Israel U-21 0-4 Italy U-21
Saturday 8th June, Match Two, Group A, UEFA Under-21 Championship, Bloomfield Stadium
With Luca Marrone’s tournament ended through injury, Riccardo Saponara was brought in to replace him for Italy’s second Group A match, against hosts Israel.
Saponara started on the right of midfield, a position slightly unfamiliar to him. Alessandro Florenzi moved inside to deputise for Marrone. In the second half, with Lorenzo Insigne forced off through injury, Saponara moved to the left, before switching back to the right, when Nicola Sansone replaced Marco Verratti.
Good use of the ball
Throughout the contest, Saponara was tidy in possession. With Italy always playing through Verratti (140 passes, 97% accuracy), he often only received the ball in the final third. His link up with Giulio Donati was a constant theme in the first half, while he also combined with Ciro Immobile and Manolo Gabbiadini, who would often drop deep and come wide. His use of the ball was never too expansive. He was arguably the most restrained in that regard of the Italian midfielders. He only attempt three long passes – all accurate. Throughout the contest, he made 83 passes at an accuracy of 90%. That stat is slightly mis-leading, however, given the nature of the second half and the way Italy were so easily able to retain possession against ten men.
On the right, Saponara rigidly held his wide position when Italy were out of possession. However, when looking to receive the ball in the final third of the pitch, he often came inside off the flank. Lorenzo Insigne moved similarly on the left. When he did so, Saponara usually stayed wide. Israel’s two central midfielders – Nir Biton and Ofir Krieff, were often fairly deep and when Italy’s build up was more measured, there was little space for Saponara to move into. In possession, Israel were quite adventurous and as a team they pushed up. When Italy had the ball in deep areas and tried to build from the back, Israel pressed them. Occasionally, they overturned possession, but when Italy were able to play through them, there was plenty of space to be exploited on the counter-attack. It was in these situations that Saponara’s movement inside became more frequent and created openings. By coming narrow, there was space for Gabbiadini and Immobile to move wide (as he did for the opening goal), or Donati to support from full-back. As a natural trequartista, coming inside allowed Saponara to influence the game from his best position.
In the second half, as he switched to the left and Israel – a man light, were forced to sit deep, he held the width more, as there was little space in the centre.
While Israel’s early ambition was admirable, and effective to a certain extent, they were also vulnerable to the counter-attack. As such, an Italy goal seemed increasingly inevitable and it was duly delivered on 18 minutes by Saponara. The move typified the type of opportunity open to Italy in the early exchanges. The break-away was well worked and wonderfully created by Insigne. It was also a demonstration of how both Insigne and Saponara became more dangerous and difficult to track when coming in off their respective flanks.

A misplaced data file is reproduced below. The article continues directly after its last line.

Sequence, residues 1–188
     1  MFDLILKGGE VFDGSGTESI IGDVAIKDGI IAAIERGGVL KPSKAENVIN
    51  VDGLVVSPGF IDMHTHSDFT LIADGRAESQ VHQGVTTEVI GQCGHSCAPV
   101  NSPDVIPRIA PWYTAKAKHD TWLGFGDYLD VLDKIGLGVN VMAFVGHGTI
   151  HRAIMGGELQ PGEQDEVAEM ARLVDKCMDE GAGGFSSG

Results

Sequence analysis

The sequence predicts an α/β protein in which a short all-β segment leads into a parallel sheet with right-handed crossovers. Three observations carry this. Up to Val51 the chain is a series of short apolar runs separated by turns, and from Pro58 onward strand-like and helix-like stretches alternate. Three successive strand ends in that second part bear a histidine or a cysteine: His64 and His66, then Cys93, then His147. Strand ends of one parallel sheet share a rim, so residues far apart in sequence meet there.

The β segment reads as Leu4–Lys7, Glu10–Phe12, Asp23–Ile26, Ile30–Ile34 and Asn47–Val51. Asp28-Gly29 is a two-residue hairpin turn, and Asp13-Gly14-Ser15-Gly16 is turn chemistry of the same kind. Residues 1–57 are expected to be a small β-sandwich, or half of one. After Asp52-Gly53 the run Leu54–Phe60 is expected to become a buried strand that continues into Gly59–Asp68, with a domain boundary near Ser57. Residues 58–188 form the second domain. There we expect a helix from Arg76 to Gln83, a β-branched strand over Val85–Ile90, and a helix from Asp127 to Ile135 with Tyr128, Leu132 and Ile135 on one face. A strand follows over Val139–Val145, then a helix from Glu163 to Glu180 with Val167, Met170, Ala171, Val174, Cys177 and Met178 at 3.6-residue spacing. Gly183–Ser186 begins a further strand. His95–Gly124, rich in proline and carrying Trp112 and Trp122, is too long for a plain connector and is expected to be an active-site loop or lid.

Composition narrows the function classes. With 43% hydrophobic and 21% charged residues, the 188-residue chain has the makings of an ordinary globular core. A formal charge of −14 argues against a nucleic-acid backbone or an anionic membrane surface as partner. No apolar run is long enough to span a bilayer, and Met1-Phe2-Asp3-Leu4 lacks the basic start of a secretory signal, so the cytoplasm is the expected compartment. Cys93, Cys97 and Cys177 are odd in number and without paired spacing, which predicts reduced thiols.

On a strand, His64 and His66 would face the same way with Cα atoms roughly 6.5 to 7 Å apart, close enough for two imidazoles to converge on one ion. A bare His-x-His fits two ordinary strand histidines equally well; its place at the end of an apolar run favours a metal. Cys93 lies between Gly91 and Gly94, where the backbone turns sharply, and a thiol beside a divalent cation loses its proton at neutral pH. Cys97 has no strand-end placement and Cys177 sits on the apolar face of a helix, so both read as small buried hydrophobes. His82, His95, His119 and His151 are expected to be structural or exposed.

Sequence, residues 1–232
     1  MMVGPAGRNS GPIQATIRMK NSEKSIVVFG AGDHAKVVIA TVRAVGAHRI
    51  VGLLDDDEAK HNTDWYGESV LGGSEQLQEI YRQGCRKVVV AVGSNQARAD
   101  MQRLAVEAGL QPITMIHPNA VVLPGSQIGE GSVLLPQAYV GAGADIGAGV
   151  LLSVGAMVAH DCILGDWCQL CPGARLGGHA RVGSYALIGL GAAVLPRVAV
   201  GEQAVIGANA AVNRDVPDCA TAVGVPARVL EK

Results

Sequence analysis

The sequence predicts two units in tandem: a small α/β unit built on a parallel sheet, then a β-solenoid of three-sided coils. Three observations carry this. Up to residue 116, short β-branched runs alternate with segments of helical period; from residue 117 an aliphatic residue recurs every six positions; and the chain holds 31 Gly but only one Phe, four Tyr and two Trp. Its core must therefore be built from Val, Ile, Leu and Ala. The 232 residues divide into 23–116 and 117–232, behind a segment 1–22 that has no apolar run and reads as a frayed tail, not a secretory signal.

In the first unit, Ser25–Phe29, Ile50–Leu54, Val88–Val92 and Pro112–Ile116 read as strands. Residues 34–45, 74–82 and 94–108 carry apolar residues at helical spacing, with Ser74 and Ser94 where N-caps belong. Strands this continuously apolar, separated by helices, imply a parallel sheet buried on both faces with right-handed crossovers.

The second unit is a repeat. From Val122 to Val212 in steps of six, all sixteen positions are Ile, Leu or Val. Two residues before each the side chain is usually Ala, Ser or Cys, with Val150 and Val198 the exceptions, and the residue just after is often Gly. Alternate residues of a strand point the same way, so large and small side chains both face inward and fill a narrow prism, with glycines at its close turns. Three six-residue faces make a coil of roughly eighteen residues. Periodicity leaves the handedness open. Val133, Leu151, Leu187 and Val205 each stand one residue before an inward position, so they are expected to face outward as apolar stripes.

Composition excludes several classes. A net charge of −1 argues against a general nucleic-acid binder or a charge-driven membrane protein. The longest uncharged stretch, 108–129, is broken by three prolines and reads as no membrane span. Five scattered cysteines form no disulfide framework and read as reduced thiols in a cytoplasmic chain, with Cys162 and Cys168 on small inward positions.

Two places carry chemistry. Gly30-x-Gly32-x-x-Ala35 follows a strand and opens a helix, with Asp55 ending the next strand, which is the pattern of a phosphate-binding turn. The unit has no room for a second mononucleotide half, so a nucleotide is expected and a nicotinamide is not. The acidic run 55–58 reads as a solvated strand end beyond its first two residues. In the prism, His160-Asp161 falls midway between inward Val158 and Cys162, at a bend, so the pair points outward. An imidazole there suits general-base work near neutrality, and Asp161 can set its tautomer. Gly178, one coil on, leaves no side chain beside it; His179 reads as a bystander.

Before Italy took the lead and the subsequent dismissal of Eyal Golasa, Israel caused the Azzurrini some concern and created a handful of good openings. Having seen England succumb to Italy by sitting deep, and his own side suffer using similar tactics in their first half against Norway, Israel Coach Guy Luzon chose a more adventurous approach. As well as pressing high up, the full-backs – Eli Dasa and Taleb Twatha, were ambitious with their forward movements. Twatha, in particular, got forward to good effect, forcing Saponara to drop deep out of possession. With Golasa moving inside, space was created for Twatha to overlap. At times, he was able to get into good positions. With Alon Turgeman also drifting wide, on occasion, there was a danger that Donati could have been over-loaded.
For a player used to remaining high up the pitch without defensive responsibilities, Saponara protected Donati reasonably well. He was sometimes a little slow in retreating when Israel broke, but his closing and willingness to engage Twatha, and particularly Golasa, was admirable. In the first half, he made two tackles – as many as any other Italian player, and one interception. He was also fouled going in for a challenge with Golasa, which saw Israel’s number ten dismissed.
With Insigne off injured just before half-time, Italy had to change personnel in midfield for the second period. Fausto Rossi, who replaced Insigne, came into the centre, with Florenzi now on the right and Saponara moving to the left. His combinations with Claudio Biraghi were similar to those with Donati. He didn’t move centrally as he had done in the first half (as mentioned above), but he did come slightly off the flank to allow Biraghi to overlap. Israel, down to ten men, moved Mohammed Kalibat out to the right from his first half forward position. He sat deep in front Dasa, who was no longer able to push forward.
With the dismissal of Golasa, the second half became a non-contest. Italy dominated possession, having 79% of the ball. The way in which they controlled the game and gave Israel no chance to get forward was impressive and showed maturity. For Saponara, it was a comfortable half. With Kalibat and Dasa pinned back, he was able to stay high up the pitch – often in line with Immobile and Gabbiadini. With Sansone replacing Verratti on 70 minutes, Saponara was moved back out to the right. Again, he held the width, with Mattia Destro and Immobile coming quite deep at times in the centre.